Infovores and Loyalty

“Know whose new coffee drinks beat the heck out of Starbucks? … Good ole McDonalds!” she said. “That’s good news. I can’t afford Starbucks anymore!” said another. “Well, I never liked Starbucks coffee anyway. Too strong,” replied another.

This was the start-up conversation in a cancer center’s tiny waiting room as a handfull of patients, all strangers, awaited radiation treatment. While the group conversation started with McDonalds coffee, it soon progressed to other topics of shared interests. I had tagged along with my best girlfriend who is battling blood cancer, and this unlikely setting gave me yet another lesson in the ubiquitous power of word-of-mouth. But it also reminded me that our tendency to give and receive information is “hard wired” into our DNA.

Human beings have an innate hunger for information and are designed to be ‘infovores’ reports Dr. Irving Biderman, Professor of Neuroscience at the University of Southern California, whose studies on brain activity suggest humans experience real pleasure in acquiring (and sharing) information. This waiting room’s powerful transition from weighty, depressive silence to energized discussion was a testament to infovore behavior! For nearly an hour (the radiation unit was running way behind) we talked, we learned, we shared. The pleasure grew and the time flew. When the long-delayed technician finally came calling, a blanket of good cheer seemed to follow each patient out the door as her name was called. And although the cancer center did not directly orchestrate this ‘event’, the center sure benefitted. No doubt, we all felt better (or, at least, no worse) about that hospital after our “infovore fix.” And that’s despite the fact we had almost an hour wait!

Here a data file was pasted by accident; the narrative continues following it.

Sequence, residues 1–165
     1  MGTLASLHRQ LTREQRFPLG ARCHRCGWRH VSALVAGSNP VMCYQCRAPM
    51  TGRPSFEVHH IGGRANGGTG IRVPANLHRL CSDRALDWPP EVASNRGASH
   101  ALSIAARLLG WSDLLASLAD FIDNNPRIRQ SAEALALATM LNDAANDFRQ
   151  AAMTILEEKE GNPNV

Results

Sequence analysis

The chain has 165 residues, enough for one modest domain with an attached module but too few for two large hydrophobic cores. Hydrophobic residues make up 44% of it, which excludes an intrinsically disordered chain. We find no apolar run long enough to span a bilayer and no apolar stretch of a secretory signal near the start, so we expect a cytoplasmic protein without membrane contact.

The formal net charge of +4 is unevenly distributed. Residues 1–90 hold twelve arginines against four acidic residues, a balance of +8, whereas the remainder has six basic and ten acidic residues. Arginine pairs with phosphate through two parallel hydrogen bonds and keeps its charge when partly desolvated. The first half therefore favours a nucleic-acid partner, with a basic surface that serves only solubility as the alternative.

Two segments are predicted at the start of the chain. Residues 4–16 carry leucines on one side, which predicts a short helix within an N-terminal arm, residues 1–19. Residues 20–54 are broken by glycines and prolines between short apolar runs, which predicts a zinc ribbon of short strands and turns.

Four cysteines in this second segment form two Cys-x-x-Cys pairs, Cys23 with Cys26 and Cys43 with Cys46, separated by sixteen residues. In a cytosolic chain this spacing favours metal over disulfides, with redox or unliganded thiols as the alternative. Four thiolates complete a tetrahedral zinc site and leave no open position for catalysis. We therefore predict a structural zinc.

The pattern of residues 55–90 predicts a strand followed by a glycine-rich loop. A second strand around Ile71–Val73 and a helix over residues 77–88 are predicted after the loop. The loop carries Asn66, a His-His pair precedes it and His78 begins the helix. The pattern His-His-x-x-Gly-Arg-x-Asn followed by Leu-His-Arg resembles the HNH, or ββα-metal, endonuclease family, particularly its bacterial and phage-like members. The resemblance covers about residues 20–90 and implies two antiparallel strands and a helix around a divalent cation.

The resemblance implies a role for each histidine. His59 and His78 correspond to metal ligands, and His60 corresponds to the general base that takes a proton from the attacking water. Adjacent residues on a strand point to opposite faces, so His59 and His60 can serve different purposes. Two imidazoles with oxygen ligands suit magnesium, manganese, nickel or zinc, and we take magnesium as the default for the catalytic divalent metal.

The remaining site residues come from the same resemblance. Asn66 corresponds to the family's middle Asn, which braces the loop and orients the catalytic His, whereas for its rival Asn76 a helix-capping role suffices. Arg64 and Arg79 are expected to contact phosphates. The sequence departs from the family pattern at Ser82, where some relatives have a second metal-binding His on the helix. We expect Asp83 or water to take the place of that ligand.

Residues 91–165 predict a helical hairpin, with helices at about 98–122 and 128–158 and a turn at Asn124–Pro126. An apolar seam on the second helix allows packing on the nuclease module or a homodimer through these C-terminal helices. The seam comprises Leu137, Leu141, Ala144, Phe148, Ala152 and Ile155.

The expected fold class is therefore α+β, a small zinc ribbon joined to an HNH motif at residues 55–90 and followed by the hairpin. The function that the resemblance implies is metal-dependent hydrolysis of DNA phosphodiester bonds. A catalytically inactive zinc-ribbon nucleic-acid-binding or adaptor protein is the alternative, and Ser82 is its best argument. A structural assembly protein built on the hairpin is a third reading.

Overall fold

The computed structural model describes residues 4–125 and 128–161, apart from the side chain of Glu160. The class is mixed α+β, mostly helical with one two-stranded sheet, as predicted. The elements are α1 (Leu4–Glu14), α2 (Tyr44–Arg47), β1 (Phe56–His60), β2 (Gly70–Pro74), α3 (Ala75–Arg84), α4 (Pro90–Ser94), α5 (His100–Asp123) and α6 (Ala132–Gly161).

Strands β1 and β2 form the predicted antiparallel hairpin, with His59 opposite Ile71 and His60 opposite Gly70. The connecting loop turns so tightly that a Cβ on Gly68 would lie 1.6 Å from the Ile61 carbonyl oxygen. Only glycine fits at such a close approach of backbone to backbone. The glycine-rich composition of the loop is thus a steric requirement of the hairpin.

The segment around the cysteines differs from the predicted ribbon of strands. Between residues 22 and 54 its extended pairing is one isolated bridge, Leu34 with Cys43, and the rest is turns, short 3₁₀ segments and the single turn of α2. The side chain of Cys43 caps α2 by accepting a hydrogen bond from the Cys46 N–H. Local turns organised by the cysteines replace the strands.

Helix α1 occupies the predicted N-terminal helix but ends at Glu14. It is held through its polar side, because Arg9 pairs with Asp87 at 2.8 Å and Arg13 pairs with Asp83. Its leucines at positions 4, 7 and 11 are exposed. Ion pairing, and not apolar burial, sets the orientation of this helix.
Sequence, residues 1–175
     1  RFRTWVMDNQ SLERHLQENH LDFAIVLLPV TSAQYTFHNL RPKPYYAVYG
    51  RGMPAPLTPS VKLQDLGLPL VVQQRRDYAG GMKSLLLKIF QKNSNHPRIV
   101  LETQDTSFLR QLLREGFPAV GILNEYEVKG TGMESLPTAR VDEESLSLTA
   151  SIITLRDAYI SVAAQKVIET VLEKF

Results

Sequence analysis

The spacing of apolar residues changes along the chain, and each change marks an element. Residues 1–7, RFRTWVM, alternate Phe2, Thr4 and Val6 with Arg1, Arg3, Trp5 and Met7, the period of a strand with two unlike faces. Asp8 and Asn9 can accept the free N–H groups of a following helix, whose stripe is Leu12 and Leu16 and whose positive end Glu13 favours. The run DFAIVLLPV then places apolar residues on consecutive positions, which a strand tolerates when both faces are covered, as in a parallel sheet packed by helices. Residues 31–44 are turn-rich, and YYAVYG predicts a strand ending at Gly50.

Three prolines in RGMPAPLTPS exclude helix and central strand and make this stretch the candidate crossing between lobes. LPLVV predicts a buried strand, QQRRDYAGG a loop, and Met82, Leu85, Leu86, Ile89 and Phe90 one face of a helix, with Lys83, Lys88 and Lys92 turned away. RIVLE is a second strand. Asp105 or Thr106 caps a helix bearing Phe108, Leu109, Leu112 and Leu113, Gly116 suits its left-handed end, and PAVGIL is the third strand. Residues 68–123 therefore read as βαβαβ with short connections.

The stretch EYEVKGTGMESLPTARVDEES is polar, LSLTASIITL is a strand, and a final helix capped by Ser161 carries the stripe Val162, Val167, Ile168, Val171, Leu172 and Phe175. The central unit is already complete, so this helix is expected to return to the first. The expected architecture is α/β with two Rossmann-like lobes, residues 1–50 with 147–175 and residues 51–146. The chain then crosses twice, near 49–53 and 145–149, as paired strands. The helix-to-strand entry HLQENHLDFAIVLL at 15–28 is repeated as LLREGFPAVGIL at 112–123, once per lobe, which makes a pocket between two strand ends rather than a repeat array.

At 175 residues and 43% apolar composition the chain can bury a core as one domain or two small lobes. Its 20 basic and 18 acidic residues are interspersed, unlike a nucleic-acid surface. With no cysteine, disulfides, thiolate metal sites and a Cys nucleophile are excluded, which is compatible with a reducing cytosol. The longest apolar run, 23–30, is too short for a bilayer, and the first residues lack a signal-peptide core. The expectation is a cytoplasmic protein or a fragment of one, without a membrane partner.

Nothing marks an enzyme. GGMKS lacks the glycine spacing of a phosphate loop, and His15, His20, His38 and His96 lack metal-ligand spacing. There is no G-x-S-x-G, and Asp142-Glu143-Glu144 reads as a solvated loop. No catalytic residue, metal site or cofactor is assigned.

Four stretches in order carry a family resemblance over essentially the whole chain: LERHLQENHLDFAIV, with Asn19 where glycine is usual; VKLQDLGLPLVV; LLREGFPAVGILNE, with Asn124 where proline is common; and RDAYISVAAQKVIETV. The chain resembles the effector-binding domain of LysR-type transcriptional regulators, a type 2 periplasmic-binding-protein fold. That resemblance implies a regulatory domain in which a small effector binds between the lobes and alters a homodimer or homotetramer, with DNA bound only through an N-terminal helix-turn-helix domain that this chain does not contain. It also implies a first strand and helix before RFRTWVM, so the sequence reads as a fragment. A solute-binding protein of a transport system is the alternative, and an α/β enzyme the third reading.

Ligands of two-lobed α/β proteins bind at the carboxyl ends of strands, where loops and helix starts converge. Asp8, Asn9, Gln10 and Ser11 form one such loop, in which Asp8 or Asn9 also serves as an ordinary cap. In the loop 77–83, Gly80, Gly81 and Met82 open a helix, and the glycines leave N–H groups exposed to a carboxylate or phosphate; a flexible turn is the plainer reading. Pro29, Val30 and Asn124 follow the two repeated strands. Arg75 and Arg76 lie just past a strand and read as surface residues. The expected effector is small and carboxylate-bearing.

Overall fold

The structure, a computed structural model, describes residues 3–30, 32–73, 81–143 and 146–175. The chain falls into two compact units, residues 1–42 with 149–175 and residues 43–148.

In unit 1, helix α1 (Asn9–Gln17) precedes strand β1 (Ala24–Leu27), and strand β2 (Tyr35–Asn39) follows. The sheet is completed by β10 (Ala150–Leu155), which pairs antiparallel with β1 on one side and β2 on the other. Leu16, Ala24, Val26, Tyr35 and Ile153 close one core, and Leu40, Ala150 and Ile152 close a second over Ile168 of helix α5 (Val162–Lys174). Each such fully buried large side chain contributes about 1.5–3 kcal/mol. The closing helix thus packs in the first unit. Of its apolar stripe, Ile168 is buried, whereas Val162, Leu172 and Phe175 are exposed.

Loyalty Lesson: Want to enhance your customer’s experience and deepen engagement with your brand? Get your customers interacting! For example, savvy firms are establishing online customer communities that enable customers to help other customers. Advises Microsoft’s general manager of community support services, Sean O’Driscoll, “How do you get users to want to stay at your site and engage with others? The only way is peer-to-peer discussion, in their own voices, rather than the company’s voice.”

Comments are closed.